Louisville-born and nationally renowned sculptor Enid Yandell (1869--1934) was ahead of her time. She began her career when sculpture was considered too physical, too messy, and too masculine for women. Yandell challenged the gender norms of early-twentieth-century artistic practice and became an award-winning sculptor, independent artist, and activist for women's suffrage.
This study examines Yandell's life and work: how she grew from a young, Southern dilettante -- the daughter of a Confederate medical officer -- into a mature, gifted artist who ran in circles with more established male artists in New York and Paris, such as Frederick MacMonnies and Auguste Rodin. At the World's Columbian Exposition in Chicago in 1893, she was one of a select group of women sculptors, known as the White Rabbits, who sculpted the statues and architectural embellishments of the fair. As a result of her success in Chicago, Yandell was commissioned to create a twenty-five foot figure of Pallas Athena for Nashville's Centennial Exposition in 1897. Newspapers hailed it as the largest statue ever created by a woman. Yandell's command of classical subject matter was matched by her abilities with large-scale, figurative works such as the Daniel Boone statue in Cherokee Park, Louisville. In 1898 Yandell was among the first women to be selected for membership in the National Sculpture Society, the first organization of professional sculptors formed in the United States.
Presented to coincide with the 150th anniversary of her birth, this study demonstrates the ways in which Yandell was a pioneer and draws attention to her legacy.
"Enid Yandell was a prolific sculptor who helped blaze the path for other female artists. Although several pieces of her work are well known, unfortunately Enid is not. This full-length biography will help Kentuckians (and others) become acquainted with this very talented and influential artist." -- Nancy D. Baird, author of Luke Pryor Blackburn: Physician, Governor, Reformer
"Yandell is one of Kentucky's greatest visual artists. Decker's expert reading of specific pieces that Yandell designed and executed allows readers to see and understand this immensely talented pioneer artist and the various sociopolitical cultures in which she lived and worked throughout her long career. The amount of primary evidence Decker has found and closely analyzed for this study is breathtaking." -- Melissa A. McEuen, author of Seeing America: Women Photographers between the Wars
"Art lovers have been waiting for the definitive biography of Enid Yandell and fortunately, thanks to Juilee Decker and the University Press of Kentucky, here it is. In this must-have monograph, Decker explores Yandell's remarkable life, art, era, and legacy with precision, thoroughness, and a distinctive commentary on feminism." -- Deborah C. Pollack, author of Visual Art and the Urban Evolution of the New South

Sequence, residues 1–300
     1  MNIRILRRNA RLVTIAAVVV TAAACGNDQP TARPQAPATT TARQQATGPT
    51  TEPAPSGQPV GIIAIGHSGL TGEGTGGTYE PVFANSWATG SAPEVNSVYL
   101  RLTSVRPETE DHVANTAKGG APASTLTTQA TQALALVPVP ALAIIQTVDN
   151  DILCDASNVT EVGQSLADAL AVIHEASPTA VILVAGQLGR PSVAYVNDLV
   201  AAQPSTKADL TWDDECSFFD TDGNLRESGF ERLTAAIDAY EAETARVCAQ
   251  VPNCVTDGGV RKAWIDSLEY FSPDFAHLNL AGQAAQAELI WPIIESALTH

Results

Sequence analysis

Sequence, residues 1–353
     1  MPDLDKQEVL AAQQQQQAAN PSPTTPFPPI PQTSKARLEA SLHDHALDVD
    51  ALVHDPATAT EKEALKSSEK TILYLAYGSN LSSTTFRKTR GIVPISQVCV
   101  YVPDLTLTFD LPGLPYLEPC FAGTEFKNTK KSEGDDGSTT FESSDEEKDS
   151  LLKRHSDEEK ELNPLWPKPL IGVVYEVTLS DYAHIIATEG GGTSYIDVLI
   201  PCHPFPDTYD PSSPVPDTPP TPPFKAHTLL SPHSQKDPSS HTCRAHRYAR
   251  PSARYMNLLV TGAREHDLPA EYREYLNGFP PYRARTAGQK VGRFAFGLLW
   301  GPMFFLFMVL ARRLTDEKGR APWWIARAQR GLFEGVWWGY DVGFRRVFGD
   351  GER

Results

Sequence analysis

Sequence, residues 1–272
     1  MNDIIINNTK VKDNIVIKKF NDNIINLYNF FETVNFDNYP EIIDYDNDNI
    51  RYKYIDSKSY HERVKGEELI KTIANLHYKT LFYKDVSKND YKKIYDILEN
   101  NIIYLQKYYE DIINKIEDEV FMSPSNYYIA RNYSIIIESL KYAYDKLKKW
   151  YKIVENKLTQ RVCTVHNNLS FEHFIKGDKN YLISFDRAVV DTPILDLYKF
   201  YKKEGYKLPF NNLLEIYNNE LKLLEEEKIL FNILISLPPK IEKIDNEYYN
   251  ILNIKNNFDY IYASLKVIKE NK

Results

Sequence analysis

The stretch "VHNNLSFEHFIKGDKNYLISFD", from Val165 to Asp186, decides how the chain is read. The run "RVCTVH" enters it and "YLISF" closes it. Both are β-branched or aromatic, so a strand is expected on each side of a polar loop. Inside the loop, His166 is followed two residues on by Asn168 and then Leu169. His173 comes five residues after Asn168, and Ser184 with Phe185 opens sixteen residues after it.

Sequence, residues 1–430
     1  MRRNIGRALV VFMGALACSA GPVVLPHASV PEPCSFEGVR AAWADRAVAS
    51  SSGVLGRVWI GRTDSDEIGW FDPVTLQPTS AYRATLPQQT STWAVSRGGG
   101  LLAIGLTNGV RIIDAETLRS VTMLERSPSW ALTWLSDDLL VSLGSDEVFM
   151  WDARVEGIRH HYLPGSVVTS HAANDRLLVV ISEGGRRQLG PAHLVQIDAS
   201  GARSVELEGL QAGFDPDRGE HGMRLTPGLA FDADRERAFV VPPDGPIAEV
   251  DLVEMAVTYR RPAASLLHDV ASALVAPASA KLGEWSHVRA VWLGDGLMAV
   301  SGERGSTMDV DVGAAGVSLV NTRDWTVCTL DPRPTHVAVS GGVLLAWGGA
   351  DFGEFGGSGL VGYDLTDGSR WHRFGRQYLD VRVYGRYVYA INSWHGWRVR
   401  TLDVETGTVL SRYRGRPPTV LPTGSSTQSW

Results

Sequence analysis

"Juilee Decker's deeply researched and richly textured biography provides a fresh, lucid prism on the life of Yandell, and makes a significant contribution to American art history, southern and women's studies. The author creates an indelible portrait of Yandell's magnificent strength of character in crafting a professional identity, and pays overdue homage to her accomplishments as a ground-breaking sculptor, entrepreneur, and feminist." -- Peter Morrin, Director Emeritus, Speed Art Museum
"In late 19th and early 20th century America it was difficult for a woman to achieve success and independence -- much less fame. Kentuckian Enid Yandell accomplished all three through her dedication and talent as a sculptor; and in turn used them as an activist for not only women's rights but also human rights. In Enid Yandell: Kentucky's Pioneer Sculptor, Juilee Decker excellently and thoroughly chronicles the career of this woman who blazed trails for herself and others." -- Jim Holmberg, Curator of Collecions, Filson Historical Society
"In this admirably researched biography of the Kentucky artist Enid Yandell, Decker shapes, molds, and chisels a prismatic narrative of the pioneer sculptor from the wilderness of the archive. This monograph is a significant feminist intervention that reinserts and resituates Yandell within the field of sculpture and art history." -- Erin R. Corrales-Diaz, Assistant Curator of American Art, Worcester Art Museum